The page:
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Pope Francis: A Disciple of Jesus Who Doesn’t Serve Others Is Not Christian

Pope Francis (R) kissing the feet of a young offender – en



Aleteia - published on 06/11/15

Daily homily from Casa Santa Marta

VATICAN CITY — True Christian witness involves a journey, service and giving freely of oneself, Pope Francis said on Thursday in his homily at Holy Mass in the Chapel of Santa Marta. 

The Pope stressed that Jesus’ disciples are called to serve and to proclaim the Gospel freely, and not to be deceived into believing that salvation comes through riches.

In his homily, the Pope drew inspiration from the Gospel passage in which Jesus sends out his disciples to proclaim the Good News. A disciple of the Lord, he said, is called to set out on a journey that isn't a “stroll,” but a mission to proclaim the Gospel and spread the good news of salvation.

Announce the Good News through an inner journey

This, he added, “is the task Jesus gives to his disciples. If a disciple stays still and doesn’t go out, he does not give back to others what he has received in Baptism; he is not a true disciple of Jesus. He lacks missionary zeal; he lacks the ability to go out of himself to bring what is good to others.”

“The journey of the disciple of Jesus is to go out, to herald this good news. But there is another pathway for the disciple of Jesus: the inner journey, the path within, the path of the disciple who seeks the Lord every day, through prayer, in meditation.”

If a disciple does not continuously seek God in this way, the Pope said, the Gospel that he takes to others will be weak, watered down — a Gospel with no strength.

A disciple of Jesus who doesn’t serve others is not Christian

“This dual journey,” the Pope said, “is the double path that Jesus wants from his disciples.” It also requires service, the Pope stressed. “A disciple who does not serve others is not Christian. The disciple has to do what Jesus preached in those two pillars of Christianity: the Beatitudes and the ‘protocol’ on which we shall be judged, Matthew (chapter) 25.” These two pillars, he stressed, correctly “frame” evangelical service.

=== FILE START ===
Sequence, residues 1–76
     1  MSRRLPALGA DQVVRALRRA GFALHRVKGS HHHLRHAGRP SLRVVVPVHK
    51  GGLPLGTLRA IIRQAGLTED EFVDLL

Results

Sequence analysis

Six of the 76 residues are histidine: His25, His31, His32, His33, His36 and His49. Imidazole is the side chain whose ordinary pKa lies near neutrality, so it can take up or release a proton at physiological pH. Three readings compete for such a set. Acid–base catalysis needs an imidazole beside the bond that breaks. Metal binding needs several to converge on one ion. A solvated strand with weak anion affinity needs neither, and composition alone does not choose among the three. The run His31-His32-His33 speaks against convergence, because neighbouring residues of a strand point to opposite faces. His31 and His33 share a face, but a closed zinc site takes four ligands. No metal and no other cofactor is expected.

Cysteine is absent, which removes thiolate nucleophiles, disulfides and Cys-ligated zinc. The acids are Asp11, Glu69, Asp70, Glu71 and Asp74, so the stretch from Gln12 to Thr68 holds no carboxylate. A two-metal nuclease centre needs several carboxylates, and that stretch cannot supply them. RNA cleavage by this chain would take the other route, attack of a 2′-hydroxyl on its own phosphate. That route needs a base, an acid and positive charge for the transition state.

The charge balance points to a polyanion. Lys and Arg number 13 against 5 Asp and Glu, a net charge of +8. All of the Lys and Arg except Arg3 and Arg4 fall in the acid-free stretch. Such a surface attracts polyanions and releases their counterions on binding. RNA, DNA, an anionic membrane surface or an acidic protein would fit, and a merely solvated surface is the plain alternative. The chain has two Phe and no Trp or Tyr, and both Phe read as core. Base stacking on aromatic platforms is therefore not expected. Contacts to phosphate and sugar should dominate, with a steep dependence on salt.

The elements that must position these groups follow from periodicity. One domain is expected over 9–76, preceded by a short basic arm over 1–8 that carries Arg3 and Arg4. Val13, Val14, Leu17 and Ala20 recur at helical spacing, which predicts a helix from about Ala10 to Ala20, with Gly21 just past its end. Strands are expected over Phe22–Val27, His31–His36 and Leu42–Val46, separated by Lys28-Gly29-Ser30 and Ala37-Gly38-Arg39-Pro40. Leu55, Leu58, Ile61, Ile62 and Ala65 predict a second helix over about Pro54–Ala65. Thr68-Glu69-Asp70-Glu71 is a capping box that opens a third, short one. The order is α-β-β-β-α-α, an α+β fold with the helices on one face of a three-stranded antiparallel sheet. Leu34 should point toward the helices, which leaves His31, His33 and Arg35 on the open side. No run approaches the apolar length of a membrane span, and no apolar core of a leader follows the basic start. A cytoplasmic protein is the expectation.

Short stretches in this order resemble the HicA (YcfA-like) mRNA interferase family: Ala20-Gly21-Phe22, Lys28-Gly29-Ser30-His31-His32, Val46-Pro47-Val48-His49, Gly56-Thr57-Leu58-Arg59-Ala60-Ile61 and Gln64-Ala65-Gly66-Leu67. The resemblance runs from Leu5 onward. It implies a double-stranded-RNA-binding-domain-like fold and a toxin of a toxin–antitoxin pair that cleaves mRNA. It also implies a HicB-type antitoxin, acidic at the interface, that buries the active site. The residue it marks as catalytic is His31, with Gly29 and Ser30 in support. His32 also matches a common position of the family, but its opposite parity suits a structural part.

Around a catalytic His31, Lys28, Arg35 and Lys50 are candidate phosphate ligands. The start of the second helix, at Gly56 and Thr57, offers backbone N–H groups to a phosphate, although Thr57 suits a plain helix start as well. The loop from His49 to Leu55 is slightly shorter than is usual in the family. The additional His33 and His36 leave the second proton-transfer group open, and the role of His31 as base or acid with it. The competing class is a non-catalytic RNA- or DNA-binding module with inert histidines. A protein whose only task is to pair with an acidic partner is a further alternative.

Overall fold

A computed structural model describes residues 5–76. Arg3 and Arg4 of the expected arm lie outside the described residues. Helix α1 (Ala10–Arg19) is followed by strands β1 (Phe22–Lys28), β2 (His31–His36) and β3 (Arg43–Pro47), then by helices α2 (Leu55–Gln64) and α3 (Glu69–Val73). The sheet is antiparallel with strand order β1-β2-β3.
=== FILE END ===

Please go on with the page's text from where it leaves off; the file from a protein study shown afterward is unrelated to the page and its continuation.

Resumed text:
If a disciple is not journeying to serve, there’s no reason for the journey, Pope Francis added. “If his life is not for service, there is no point in living the Christian life.

One can become boastful and think, “'Yes, I am Christian; I am at peace, I confess, I go to Mass, I fulfill the commandments,’” the Pope cautioned.  But the true disciple is called to service to the other: “Service to Jesus in the sick, the imprisoned, the hungry, those with no shirt on their back,” the Pope said. Jesus wants this of us because He is to be found in them: “Service to Christ in others.”

Serve freely and don’t be deceived by riches

Pope Francis then recalled Jesus’ words to His disciples, ‘Freely you have received, freely give.’ “The journey of service is free,” the Pope stressed, “because we have received Salvation for free, pure grace, none of us has bought salvation, none of us has deserved it. It [comes to us through] pure grace of the Father in Jesus Christ, in the sacrifice of Jesus Christ.”

“It’s sad when you find Christians who forget this Word of Jesus: ‘Freely you have received, freely give’,” the Pope added. “It’s sad when you find Christian communities — whether it be parishes, religious congregations, dioceses — that forget this ‘gratuity’ because behind this … lies the deception that salvation comes from riches, from human power.”

Pope Francis summed up his homily with these three key words: “Journey, as a sending off  to announce [the Gospel]. Service: the life of a Christian is not for himself; it is for others, as was the life of Jesus.”

Finally, the third word, the Pope noted, is ‘Gratuity’ or ‘Freely.’ “Our hope is in Jesus Christ who gives us a hope that never disappoints.” But, he warned: “When hope is in how comfortable the journey is, or the hope is in a selfish desire to get things for oneself, and not to serve others, or when hope is in riches or in the small securities of this world, all of this collapses. The Lord himself makes it collapse.”

LiturgyPope Francis
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